So what happens to your brilliant idea when no one wants it? In the case of two men in upstate New York, their idea for a weapon to be used by the Israelis to kill enemies of the state remotely with the power of X-rays became a terrorist idea for hire. Glendon Scott Crawford, 49, and Eric J. Feight, 54, invented a mobile x-ray death machine designed to silently kill so-called undesirables. Crawford, a self-described member of the KKK, contacted two Jewish groups about selling his machine, and when that fell through, they found their way into an FBI trap when they contacted a North Carolina KKK group.
According to John Duncan, the executive assistant US attorney for the Northern District of New York, the device was “intended to be mobile … designed to turn on remotely from some distance away” and would “some dangerous levels of X-ray radiation” Those who were “subject to this X-ray radiation, would not immediately know that they had been harmed until some days later when they would either be injured, or it could result in their death.”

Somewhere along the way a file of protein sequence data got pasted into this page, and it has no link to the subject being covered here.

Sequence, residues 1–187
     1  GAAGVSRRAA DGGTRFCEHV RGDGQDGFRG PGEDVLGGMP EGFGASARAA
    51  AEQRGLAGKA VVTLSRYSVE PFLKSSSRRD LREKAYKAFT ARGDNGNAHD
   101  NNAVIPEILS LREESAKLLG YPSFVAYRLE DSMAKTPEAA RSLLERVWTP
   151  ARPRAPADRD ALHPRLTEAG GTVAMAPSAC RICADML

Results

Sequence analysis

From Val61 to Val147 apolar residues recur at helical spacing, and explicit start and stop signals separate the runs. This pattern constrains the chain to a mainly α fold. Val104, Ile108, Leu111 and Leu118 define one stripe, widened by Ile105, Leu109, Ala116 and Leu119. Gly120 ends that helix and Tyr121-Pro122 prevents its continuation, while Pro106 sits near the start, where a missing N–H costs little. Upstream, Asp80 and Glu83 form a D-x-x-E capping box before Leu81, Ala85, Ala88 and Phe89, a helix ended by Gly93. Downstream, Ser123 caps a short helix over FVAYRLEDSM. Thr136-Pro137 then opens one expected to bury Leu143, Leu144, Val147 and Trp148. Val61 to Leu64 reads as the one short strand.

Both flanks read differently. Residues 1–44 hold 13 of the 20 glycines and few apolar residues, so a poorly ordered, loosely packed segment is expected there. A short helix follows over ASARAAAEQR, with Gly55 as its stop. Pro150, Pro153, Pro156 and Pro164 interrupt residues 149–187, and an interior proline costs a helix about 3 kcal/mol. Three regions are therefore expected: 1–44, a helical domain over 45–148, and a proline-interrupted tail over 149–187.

The device would be three parts. The machine itself, a power source, and a remote activation trigger. It was designed to produce fatal levels of radiation, and was described by Crawford as Hiroshima on a light switch. Thankfully, their plot was never put into action; instead, we’ll still get exposed to normal levels of background radiation like we are every day.
Tags: Albany, New York, Glendon Scott Crawford, Eric J. Feight, unusual plots, terrorist plots, mobile killing machine, x-ray killing machine, mobile x-ray killing machine, x-rays, radiation machine, John Duncan, unusual terrorism plots, x-ray death machine, mobile death ray, unusual inventions, unusual devices